What I Mean When I Say No Hablo Español
When certain men notice me
waiting for the train outside Pioneer Square,
they offer you-see-me head nods, and I
bob back, waiting for whatever question
they will use to catch the countries
that they miss from my voice.
And for a moment I think maybe
my college-level Spanish is enough.
But at every ¿qué hora es? or ¿de dónde eres?
I just shake my head—my awkward apology
for another caught-between moment
of skin tones and tongues—: this broken harvest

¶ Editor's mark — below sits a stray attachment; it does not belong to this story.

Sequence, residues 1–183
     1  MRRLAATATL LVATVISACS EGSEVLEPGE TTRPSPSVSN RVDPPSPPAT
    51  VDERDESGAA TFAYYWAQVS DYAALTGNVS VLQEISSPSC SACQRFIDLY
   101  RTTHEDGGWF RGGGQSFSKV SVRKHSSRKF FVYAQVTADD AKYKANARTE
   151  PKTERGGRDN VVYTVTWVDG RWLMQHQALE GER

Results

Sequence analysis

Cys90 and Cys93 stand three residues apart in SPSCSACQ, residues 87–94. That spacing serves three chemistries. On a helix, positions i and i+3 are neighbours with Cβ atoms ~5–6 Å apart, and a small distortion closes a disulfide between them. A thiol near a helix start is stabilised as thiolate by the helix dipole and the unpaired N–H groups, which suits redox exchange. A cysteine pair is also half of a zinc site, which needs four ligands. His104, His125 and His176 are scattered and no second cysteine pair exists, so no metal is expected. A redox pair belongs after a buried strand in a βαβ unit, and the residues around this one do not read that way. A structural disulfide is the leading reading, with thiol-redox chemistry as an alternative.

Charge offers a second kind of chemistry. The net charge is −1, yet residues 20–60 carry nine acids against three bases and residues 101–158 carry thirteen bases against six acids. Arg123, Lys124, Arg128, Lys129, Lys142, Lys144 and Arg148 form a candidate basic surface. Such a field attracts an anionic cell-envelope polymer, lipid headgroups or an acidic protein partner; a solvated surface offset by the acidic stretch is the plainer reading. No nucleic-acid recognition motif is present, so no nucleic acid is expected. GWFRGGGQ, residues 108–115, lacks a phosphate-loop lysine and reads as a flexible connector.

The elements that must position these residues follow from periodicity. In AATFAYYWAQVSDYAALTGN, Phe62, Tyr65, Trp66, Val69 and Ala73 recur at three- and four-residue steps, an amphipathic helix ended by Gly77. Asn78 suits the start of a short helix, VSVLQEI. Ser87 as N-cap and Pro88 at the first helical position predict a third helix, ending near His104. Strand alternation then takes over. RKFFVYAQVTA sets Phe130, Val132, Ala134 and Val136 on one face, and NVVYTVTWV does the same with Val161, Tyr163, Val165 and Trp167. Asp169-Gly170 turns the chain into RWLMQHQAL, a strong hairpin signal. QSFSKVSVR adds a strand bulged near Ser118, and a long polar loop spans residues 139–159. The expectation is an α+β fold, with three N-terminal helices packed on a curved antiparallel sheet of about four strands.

of textures I have never known.
Geffrey Davis grew up in Washington and holds degrees from Oregon State University and The Pennsylvania State University. His work has appeared in Crazyhorse, Hayden’s Ferry Review, The Massachusetts Review, Nimrod, [PANK], Sycamore Review, and elsewhere. Davis is recipient of the Anne Halley Poetry Prize, the Wabash Prize for Poetry, the Dogwood Prize in Poetry, the Leonard Steinberg Memorial/Academy of American Poets Prize, a Pushcart Prize nomination, and fellowships from the Cave Canem Foundation. Revising the Storm (BOA Editions), winner of the 2013 A. Poulin, Jr. Poetry Prize, is his first book of poetry.